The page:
Can deed restrictions be successfully enforced without an HOA?

We live in a rural area on 3+ acres, but our land and the other tracts around us have the same deed restrictions from the original developer. We’ve been here for over 10 years with no problems, but one of our neighbors sold their house and property, and the “new” neighbors have just moved a mobile home (a 2nd dwelling) onto the property. They said they told there were no restrictions, so we gave them a copy ourselves. The restrictions clearly state that they run through the net 13 years and that there can only by one house per tract. There is no HOA. We’re worried about protecting our property value.

Asked on July 20, 2012 under Real Estate Law, Texas

Answers:

M.T.G., Member, New York Bar / FreeAdvice Contributing Attorney

Answered 8 years ago | Contributor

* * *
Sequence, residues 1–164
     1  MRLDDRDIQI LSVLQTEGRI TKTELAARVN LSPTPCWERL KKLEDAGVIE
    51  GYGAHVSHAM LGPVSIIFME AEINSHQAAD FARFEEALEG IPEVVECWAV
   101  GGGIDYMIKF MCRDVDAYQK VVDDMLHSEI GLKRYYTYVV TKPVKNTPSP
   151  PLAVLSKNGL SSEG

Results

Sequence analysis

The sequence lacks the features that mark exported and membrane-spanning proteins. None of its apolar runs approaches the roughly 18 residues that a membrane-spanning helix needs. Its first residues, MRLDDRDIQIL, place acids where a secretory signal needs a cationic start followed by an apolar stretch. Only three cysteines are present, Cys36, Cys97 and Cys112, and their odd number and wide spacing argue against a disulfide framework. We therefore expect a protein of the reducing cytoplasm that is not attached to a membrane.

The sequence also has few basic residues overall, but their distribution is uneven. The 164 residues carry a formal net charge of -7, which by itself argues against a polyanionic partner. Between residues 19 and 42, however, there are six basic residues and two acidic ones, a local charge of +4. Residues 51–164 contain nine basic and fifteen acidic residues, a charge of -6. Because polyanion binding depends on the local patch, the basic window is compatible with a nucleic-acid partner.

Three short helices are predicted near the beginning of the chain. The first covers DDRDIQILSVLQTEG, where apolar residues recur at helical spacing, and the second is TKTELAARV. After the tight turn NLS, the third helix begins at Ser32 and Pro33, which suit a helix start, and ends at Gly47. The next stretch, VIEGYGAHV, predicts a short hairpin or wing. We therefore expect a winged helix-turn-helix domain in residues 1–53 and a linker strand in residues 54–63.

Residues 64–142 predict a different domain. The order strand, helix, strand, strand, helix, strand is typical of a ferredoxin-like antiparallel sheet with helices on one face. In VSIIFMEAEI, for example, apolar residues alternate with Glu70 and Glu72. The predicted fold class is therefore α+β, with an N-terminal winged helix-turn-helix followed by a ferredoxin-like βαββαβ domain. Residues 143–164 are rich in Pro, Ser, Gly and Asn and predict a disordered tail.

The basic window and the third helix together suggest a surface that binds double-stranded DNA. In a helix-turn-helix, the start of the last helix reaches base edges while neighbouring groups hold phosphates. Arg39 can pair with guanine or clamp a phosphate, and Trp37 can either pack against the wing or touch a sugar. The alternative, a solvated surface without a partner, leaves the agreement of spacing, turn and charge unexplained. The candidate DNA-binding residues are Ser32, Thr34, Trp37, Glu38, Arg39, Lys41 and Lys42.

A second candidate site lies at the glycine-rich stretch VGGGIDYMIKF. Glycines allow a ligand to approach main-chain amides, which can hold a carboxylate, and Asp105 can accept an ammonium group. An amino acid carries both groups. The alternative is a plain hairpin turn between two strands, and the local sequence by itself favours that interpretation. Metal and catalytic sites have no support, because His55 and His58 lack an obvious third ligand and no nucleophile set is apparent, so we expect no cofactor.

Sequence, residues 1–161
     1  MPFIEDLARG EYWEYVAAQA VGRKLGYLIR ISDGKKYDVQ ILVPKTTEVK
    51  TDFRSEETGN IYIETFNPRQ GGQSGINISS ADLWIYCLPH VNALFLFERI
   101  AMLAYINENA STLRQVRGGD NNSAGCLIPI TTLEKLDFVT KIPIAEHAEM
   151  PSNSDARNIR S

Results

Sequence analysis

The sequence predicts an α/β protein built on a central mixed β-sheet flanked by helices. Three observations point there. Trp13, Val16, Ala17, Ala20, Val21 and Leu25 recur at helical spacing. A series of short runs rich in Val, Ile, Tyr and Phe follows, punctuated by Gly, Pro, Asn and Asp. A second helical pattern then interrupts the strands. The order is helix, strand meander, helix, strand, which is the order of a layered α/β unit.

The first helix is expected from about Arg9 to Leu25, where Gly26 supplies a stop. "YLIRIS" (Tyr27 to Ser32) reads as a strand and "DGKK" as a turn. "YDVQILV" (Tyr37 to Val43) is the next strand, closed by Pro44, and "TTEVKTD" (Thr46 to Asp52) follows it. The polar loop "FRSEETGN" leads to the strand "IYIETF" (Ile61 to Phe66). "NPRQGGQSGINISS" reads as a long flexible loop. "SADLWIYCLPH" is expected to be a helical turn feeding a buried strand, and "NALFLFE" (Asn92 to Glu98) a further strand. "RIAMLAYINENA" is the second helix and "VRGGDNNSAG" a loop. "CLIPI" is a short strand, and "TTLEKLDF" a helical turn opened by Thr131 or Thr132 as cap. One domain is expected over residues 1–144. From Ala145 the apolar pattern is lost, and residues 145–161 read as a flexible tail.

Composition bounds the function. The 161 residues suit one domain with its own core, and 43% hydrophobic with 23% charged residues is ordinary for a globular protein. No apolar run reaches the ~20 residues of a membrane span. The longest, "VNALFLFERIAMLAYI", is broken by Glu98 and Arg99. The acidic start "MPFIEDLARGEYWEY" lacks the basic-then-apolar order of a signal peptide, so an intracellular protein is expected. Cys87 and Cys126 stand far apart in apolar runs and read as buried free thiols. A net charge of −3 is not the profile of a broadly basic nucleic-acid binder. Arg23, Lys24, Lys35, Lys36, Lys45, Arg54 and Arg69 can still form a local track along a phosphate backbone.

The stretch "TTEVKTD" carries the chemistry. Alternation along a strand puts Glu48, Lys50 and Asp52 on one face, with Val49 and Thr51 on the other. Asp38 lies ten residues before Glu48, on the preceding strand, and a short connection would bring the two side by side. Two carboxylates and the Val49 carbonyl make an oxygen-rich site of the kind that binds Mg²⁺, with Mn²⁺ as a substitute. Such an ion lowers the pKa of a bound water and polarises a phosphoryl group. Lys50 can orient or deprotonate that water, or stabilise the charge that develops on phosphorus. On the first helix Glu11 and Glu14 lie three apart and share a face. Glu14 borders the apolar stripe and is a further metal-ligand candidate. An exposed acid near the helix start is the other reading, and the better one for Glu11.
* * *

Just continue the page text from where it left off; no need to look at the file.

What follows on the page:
Please bring the documents in question to an attorney to review.  My concnern here is why the restrictions were not listed in the other party's deed to begin with and what the original papers on this development state.  Deed restrictionas can most definitely be enforced but you need the right to do so - called "standing" under the law.  You probably have the right to enfoce them but how is the key.  Good luck.


IMPORTANT NOTICE: The Answer(s) provided above are for general information only. The attorney providing the answer was not serving as the attorney for the person submitting the question or in any attorney-client relationship with such person. Laws may vary from state to state, and sometimes change. Tiny variations in the facts, or a fact not set forth in a question, often can change a legal outcome or an attorney's conclusion. Although AttorneyPages.com has verified the attorney was admitted to practice law in at least one jurisdiction, he or she may not be authorized to practice law in the jurisdiction referred to in the question, nor is he or she necessarily experienced in the area of the law involved. Unlike the information in the Answer(s) above, upon which you should NOT rely, for personal advice you can rely upon we suggest you retain an attorney to represent you.